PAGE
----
ocess and refusing to be beaten is denying yourself a chance to grow and improve both as a person and as a martial artist. For now, just remember that improvement is an incremental and active process and that a journey of a thousand miles begins with a single step, sometimes that first step is just to walk through those doors and put in the hours. Everyone including the untouchable black belts and the elusive purple belts has had to start where you are now and it may seem impossible at first but the saying “black belts are just the white belts that didn’t give up” exists for a reason and goes to show that turning up, leaving your ego at the door and being open to learn is a dead simple surefire way to improve.

The people around you are both an immeasurably valuable resource and also some of the best people you’ll meet. In a learning capacity, being surrounded by people who are also actively trying to improve and learn aids massively in helping you improve. The common goal that exists between you and your training partner also does wonders for creating a relaxed and friendly atmosphere thanks in no small part to the attitudes and beliefs of the teaching staff- whose own personalities will serves as the se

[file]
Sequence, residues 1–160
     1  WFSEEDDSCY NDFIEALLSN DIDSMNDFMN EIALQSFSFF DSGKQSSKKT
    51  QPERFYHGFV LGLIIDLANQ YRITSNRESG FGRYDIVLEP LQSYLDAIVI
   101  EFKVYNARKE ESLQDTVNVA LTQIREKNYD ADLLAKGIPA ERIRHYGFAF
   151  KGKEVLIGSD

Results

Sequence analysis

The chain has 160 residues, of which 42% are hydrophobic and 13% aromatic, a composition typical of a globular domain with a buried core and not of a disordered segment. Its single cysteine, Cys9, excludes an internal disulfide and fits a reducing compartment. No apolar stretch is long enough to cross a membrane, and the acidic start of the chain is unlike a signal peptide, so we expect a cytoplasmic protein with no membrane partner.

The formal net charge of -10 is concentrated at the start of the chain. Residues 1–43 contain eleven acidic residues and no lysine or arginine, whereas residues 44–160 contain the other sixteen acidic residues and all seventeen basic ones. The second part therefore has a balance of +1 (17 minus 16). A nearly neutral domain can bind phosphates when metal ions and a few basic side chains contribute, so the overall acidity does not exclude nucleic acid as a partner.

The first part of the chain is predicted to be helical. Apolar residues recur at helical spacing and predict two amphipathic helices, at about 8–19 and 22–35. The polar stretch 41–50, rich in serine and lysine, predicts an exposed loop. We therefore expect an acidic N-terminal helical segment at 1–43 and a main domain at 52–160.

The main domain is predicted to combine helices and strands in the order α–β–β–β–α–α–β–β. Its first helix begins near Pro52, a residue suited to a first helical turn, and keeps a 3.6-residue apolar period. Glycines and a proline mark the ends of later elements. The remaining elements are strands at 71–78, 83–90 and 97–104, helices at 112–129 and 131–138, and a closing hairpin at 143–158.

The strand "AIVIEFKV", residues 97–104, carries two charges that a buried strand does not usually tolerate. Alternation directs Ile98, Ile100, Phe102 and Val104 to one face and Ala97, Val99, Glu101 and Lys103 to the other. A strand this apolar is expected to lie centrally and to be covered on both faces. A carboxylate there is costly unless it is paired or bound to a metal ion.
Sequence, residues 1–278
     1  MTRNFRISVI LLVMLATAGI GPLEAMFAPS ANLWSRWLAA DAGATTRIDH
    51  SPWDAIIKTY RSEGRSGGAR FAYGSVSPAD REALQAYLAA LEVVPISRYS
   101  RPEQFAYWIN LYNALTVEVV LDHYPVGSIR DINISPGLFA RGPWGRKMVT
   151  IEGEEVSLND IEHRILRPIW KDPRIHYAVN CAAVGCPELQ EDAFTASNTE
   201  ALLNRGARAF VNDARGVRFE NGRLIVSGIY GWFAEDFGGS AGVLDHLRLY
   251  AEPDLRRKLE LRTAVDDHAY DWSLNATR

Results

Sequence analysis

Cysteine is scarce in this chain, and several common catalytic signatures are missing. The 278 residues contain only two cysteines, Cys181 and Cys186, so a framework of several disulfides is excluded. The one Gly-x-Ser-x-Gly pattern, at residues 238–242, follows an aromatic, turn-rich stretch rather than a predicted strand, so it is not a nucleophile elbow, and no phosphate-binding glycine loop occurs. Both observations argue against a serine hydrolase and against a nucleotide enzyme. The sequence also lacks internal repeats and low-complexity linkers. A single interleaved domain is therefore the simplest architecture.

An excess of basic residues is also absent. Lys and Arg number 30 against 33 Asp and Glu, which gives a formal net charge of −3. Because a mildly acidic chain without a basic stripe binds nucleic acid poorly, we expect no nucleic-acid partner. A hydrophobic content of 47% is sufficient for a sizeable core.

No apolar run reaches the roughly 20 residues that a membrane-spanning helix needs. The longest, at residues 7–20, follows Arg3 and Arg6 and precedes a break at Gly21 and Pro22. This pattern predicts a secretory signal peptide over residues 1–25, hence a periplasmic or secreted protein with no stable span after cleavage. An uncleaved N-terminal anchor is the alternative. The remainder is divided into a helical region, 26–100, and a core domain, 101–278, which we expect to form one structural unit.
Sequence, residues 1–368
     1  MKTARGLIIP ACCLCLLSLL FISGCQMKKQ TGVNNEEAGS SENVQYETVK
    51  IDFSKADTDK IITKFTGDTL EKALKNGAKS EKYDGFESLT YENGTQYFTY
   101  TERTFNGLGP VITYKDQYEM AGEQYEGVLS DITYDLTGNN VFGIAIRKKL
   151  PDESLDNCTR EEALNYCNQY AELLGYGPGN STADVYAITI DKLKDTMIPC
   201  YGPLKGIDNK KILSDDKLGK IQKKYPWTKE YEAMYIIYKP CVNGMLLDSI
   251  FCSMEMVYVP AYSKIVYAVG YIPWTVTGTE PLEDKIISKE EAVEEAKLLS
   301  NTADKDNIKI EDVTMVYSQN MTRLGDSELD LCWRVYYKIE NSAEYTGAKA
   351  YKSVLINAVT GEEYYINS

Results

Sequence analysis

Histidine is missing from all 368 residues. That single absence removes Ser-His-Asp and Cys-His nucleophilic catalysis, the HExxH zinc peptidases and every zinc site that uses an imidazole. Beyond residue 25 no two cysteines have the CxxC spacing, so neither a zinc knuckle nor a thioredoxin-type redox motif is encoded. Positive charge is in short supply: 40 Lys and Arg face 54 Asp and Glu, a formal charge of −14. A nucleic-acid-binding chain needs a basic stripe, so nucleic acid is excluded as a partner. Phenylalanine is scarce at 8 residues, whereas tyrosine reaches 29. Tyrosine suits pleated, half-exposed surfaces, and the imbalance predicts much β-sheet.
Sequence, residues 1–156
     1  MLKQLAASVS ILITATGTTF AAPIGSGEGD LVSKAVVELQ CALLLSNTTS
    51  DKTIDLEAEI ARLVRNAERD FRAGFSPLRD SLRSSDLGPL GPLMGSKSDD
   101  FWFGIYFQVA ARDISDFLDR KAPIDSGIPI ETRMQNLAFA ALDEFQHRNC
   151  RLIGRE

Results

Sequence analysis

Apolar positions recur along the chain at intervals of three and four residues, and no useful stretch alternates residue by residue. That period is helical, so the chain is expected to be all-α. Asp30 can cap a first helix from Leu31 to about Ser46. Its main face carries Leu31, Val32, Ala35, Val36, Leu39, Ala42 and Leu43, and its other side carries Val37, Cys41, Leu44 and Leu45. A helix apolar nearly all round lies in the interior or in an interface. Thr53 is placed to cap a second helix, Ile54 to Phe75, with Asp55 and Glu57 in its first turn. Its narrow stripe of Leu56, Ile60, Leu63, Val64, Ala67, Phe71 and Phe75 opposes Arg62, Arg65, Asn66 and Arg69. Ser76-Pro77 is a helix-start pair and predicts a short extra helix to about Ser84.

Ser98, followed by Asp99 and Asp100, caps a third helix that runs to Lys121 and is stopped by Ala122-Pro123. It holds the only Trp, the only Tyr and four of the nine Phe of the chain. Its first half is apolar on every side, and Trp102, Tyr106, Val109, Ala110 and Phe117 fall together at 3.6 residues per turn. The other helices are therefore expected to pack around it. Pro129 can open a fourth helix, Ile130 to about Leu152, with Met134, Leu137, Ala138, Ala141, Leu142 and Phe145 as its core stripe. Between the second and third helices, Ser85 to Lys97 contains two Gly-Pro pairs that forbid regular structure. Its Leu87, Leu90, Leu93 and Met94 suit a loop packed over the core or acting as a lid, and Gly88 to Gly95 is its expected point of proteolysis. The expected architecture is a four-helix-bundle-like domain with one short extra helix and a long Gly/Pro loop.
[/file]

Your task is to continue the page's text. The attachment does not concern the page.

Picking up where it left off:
ed from which the club or gym’s own atmosphere and personality will grow. Having visited other gyms on occasion I can confirm from my experience that- competitive coaches breed competitive gym culture, and in the case of Eastside, friendly and relaxed coaches equate to a friendly and relaxed gym culture/atmosphere.